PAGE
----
County Executive MaryEllen Odell unveiled her proposed $145.4 million budget for 2015 and announced the county’s War on Addiction at a widely attended meeting of the County Legislature on Wednesday, Oct. 2. The 7 p.m. event was held at the Putnam County Golf Course in Mahopac.

The proposed budget is an increase of $2.5 million over the 2014 budget and with a mere 1.7 increase, comes under the tax cap. Hers is the fourth consecutive budget that uses less from the General Fund Surplus than the previous year. Because the proposed 2015 budget falls under the mandated tax cap, the average Putnam County homeowner will see a property tax increase of only $13 in 2015 and eligible homeowners will be entitled to a refund from the state next fall.

In defining her reasons for clamping down on addiction in all its forms, Odell revealed startling statistics: heroin arrests since 2012 have increased 300 percent; 40 percent of the inmate population at the Putnam County Correctional Facility were arrested by the Narcotics Enforcement Unit (NEU); 42 percent of NEU arrests were heroin or opiate related in 2013 and to date in 2014, 47 percent of NEU arrests are drug related. DWI and DWAI arrests by Sheriff’s Department personnel totaled 152 in 2013; the total so far for 2014 is 101. The time expended for each arrest is approximately four hours.

“We have to be one Army on the War on Addiction,” said Odell. “The sheer cost to society due to substance abuse and addiction is staggering. It is estimated in the U.S. that 25 percent of each Medicare dollar and more than 20 percent of each Medicaid dollar is spent on addiction related illness or conditions. Our businesses lose manpower due to lost work days, and our police lose over 600 hours that could be spent providing neighborhood security or responding to emergency calls because they have to deal with so many DWI and DWAI arrests. We have to bring these numbers down,” she said.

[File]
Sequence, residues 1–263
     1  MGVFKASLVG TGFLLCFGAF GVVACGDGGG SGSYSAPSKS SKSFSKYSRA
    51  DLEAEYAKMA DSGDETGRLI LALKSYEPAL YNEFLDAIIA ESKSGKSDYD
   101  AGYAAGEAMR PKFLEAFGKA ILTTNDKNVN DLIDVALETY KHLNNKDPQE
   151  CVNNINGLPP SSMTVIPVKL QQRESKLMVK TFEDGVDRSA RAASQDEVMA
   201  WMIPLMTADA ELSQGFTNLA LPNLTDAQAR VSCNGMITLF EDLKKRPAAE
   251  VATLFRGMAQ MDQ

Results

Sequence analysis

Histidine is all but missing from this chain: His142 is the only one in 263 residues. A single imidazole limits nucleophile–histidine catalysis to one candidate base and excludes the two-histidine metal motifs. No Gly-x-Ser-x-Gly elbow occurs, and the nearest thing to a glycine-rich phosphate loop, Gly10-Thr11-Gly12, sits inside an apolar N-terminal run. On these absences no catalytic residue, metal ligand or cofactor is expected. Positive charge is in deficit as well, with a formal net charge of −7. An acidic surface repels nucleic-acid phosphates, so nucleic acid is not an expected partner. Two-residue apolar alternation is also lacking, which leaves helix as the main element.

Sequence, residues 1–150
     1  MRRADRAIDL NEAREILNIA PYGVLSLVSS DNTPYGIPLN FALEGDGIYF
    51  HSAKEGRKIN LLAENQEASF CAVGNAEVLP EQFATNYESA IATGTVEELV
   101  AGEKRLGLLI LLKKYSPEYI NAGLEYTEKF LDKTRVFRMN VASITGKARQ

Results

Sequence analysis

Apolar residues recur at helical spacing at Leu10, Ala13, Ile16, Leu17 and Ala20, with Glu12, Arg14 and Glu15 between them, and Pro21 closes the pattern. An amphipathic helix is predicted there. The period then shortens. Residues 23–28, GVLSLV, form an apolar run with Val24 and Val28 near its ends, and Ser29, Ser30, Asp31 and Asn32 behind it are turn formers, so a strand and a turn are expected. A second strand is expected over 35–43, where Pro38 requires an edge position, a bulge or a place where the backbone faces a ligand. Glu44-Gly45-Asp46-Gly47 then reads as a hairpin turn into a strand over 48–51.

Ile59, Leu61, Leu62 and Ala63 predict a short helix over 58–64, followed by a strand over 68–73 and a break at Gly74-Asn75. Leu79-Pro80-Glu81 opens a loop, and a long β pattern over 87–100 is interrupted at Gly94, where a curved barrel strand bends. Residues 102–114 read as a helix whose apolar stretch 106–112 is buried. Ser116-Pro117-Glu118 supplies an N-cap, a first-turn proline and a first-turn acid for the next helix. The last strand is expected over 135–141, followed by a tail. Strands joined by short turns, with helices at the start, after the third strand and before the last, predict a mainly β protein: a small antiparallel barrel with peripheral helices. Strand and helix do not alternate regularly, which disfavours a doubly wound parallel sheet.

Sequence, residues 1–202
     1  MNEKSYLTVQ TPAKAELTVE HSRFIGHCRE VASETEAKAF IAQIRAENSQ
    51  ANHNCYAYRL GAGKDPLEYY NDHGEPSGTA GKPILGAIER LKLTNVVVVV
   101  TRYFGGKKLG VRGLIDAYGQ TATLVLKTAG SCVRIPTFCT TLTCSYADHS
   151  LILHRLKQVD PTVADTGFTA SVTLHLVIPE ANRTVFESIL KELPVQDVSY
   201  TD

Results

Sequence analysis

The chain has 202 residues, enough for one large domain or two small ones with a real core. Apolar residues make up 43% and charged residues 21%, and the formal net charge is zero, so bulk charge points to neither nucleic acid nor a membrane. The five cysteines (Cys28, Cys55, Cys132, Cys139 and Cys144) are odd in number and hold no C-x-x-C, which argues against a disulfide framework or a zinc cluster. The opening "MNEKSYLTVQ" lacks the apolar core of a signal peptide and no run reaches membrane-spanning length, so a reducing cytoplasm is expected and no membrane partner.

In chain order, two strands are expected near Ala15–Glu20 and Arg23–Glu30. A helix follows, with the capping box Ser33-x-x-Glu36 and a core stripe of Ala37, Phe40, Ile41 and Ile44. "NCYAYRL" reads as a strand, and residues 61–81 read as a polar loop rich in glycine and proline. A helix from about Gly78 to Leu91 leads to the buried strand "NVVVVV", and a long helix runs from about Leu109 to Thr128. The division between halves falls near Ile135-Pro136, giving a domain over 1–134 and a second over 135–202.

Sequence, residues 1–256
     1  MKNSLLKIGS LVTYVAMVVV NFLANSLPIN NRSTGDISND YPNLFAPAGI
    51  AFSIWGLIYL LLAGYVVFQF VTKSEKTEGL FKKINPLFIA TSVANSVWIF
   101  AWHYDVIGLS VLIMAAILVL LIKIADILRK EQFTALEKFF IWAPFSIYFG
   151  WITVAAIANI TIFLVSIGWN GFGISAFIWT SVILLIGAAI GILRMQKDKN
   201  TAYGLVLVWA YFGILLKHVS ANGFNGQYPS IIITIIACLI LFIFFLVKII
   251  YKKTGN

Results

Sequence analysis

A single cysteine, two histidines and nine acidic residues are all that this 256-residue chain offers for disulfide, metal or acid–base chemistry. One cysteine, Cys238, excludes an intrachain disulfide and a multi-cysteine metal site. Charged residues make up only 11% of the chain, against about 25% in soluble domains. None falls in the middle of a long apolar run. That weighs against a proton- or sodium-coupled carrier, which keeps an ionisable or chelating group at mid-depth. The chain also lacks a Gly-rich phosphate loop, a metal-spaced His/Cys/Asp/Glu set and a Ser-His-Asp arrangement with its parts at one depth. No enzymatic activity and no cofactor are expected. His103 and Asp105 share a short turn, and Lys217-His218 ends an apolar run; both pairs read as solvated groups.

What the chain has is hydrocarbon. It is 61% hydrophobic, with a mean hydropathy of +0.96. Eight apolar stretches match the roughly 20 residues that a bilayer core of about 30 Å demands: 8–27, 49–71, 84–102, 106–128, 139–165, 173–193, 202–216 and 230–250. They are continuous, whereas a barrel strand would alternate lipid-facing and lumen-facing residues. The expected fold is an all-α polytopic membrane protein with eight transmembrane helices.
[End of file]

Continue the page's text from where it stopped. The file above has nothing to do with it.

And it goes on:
Odell’s budget proposes adding two new deputies and an additional investigator position to the County Sheriff’s Office in order to maintain a stronger presence on the western side of Putnam where a drug trafficking corridor runs from Peekskill to Poughkeepsie. Just days before Odell presented her proposed budget, the federal government designated Putnam as a High Intensity Drug Trafficking Area (HIDTA), a tag Odell was not thrilled about receiving.

“I said I was heartbroken to have this HIDTA designation, but I also have to be realistic. There is no denying that we are losing our children and young adults to drugs. It has to stop and this designation will bring with it funding and other forms of assistance that will help us on our War on Addiction,” she said.

Odell congratulated Putnam’s senior population in this, the Year of the Senior, for their social and economic contributions to the county. While Putnam has the fastest growing population of seniors in the state, they are not an inactive group. The Retired Senior Volunteer Program (RSVP) saw 530 volunteers donate almost 80,000 hours in 86 job functions for a savings to the county of almost $1.8 million.

Odell also highlighted how the county utilizes its resources as it continues to investigate Medicaid and Workers Compensation frauds, reduces the use of outside contractors, and makes use of its Alternative to Incarceration, Inmate Court Appearance and P.I.L.O.T programs, all of which have contributed to substantial savings for the count’s bottom line.

The county’s use of public/private partnerships will increase in 2015 as the county-owned Tilly Foster Farm partners with BOCES to offer Culinary Arts and Equine programs on the grounds of the199-acre property. Odell highlighted the success of the 2014 partnerships which saw a significant increase in use of the county-owned golf course not only in rounds of golf but more importantly for social events including weddings. She also thanked Jenn Maher and Bill Nulk from the Putnam County Chambers of Commerce for launching Putnam Moves Bus Advertising program which will defray the costs of the improved public transportation system within the county.